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Recommendations for Hep C Virus testing of persons born during 1945–1965

This month's Annals of Internal Medicine reports on recommendations from the Centers for Disease Control and prevention Hepatitis C virus testing of persons born during 1945–1965.

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The Centers for Disease Control and Prevention developed these evidence-based recommendations to increase the proportion of hepatitis C virus (HCV)–infected persons who know their status and are linked to appropriate care and treatment.

They recommend that adults born during 1945–1965 receive 1-time testing for HCV without prior ascertainment of HCV risk.

The team report that all persons identified with HCV infection receive a brief alcohol screening and intervention as clinically indicated, followed by referral to appropriate care and treatment services for HCV infection and related conditions as indicated.

The Centers for Disease Control and Prevention (CDC) estimates that 3.4 to 4.9 million persons have ever been infected with hepatitis C virus (HCV) in the United States.

All of these persons develop HCV antibodies, and approximately 75% develop a chronic infection.

This results in an estimated 2.7 to 3.9 million persons living with HCV infection in the United States.

Incidence of HCV increased markedly during the 1970s and 1980s, reaching an average of 230,000 new infections each year throughout the 1980s.

Incidence declined rapidly in the 1990s because of effective screening of blood donors starting in 1992, and reduced numbers of new infections among persons who inject drugs.

The CDC reports that the incidence declined until 2006 and has since remained stable, with an estimated 17,000 new infections in 2010.

Those who were infected in the remote past have been living with HCV infection for 20 to 40 years and are at increased risk for HCV-related morbidity and mortality.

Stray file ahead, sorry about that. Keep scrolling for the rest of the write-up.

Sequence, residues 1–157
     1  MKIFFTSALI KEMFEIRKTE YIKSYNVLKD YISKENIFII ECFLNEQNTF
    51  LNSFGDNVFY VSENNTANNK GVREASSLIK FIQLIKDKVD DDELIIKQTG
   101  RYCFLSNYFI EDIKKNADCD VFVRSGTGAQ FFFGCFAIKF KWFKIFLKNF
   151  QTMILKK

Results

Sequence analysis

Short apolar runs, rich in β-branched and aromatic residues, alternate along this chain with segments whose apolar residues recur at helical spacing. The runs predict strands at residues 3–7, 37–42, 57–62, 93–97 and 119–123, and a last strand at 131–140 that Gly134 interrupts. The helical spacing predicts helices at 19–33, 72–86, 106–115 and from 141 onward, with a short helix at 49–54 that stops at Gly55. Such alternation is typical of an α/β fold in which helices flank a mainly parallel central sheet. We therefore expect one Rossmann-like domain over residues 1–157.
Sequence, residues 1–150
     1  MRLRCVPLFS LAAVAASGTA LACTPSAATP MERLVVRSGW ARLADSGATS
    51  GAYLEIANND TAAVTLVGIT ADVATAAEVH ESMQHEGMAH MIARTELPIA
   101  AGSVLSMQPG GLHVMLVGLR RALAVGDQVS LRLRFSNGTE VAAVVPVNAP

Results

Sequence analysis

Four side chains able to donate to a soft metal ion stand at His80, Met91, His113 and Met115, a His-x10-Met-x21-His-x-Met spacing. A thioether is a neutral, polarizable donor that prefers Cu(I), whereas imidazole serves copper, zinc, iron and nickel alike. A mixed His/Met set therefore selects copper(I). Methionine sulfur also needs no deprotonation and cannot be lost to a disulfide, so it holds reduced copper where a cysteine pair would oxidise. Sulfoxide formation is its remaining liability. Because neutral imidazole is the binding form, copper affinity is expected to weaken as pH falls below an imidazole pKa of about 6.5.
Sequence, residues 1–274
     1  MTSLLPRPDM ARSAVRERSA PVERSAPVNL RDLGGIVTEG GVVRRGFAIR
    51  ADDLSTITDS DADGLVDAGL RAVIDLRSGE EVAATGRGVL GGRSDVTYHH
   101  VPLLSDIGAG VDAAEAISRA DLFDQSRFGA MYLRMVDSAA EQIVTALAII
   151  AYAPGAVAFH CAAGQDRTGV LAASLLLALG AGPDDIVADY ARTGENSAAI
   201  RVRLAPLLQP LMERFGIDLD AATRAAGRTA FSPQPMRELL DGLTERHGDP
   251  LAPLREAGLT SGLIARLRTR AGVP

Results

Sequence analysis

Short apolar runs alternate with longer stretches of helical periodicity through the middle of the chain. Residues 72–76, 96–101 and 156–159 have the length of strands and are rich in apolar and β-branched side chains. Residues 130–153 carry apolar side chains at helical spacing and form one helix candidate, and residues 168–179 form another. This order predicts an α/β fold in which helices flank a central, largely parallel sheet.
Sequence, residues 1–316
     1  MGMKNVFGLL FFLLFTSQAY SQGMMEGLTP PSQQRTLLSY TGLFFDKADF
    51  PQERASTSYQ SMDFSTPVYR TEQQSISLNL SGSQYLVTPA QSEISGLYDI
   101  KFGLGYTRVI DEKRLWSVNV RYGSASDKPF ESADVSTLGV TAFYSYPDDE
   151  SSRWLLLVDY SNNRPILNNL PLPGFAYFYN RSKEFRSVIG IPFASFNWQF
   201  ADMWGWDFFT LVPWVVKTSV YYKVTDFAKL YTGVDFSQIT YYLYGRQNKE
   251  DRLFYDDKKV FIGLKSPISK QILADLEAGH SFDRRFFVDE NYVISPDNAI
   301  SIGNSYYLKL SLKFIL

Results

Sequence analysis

Hepatitis C virus infection is the leading indication for liver transplantation, and accounts for more than 50% of incident hepatocellular carcinoma.

The team reports that the fastest-growing cause of cancer-related death in the United States.

The team noted that annual HCV-associated mortality in the United States increased over 50% from 1999 to 2007.

Data from death certificates show that HCV-associated deaths are now more frequent than deaths caused by HIV.

Modeling studies forecast substantial increases in morbidity and mortality among HCV-infected persons as they enter into their third, fourth, and fifth decades of living with infection.

The CDC estimates that without diagnosis and treatment 1.76 million persons with HCV infection will develop cirrhosis during their lifetimes, over 400,000 will develop HCC, and over 1 million will die from HCV-associated disease.

In 1998, the CDC issued recommendations for identifying HCV-infected persons.

Testing for HCV was recommended for persons most likely to be infected, including those who had ever injected drugs, received clotting factor concentrates produced before 1987, ever received long-term hemodialysis, had laboratory evidence of liver disease, or received transfusions of blood or blood components or organ transplants before 1992.

Screening also was recommended for persons who had a recognized blood exposure.

In 1999, HCV testing was recommended for persons infected with HIV.

The success of risk-based testing strategies has been limited.

Depending on the level of risk in the population and site-specific testing practices, an estimated 45% to 85% of U.S. adults are chronically infected with HCV yet unaware of their condition.

Testing for HCV seromarkers is suboptimal even among high-risk populations for whom routine testing is recommended.

The CDC notes that a sizeable percentage of these persons remain unaware of their infection status.

Dr Smith and colleagues conclude, "Because of the limited effectiveness of the current HCV testing recommendations alone in identifying undiagnosed infections, the CDC considered a birth year–based HCV testing strategy to increase the proportion of infected persons who know their HCV infection status."

"1-time HCV testing of persons born during 1945–1965."

"These persons account for 76.5% of all prevalence of those with HCV antibodies."

"Because alcohol accelerates progression of liver disease in HCV-infected persons, the CDC also addressed brief alcohol screening for those with HCV infection."

Ann Intern Med 2012; 157(11): 817-822
07 December 2012

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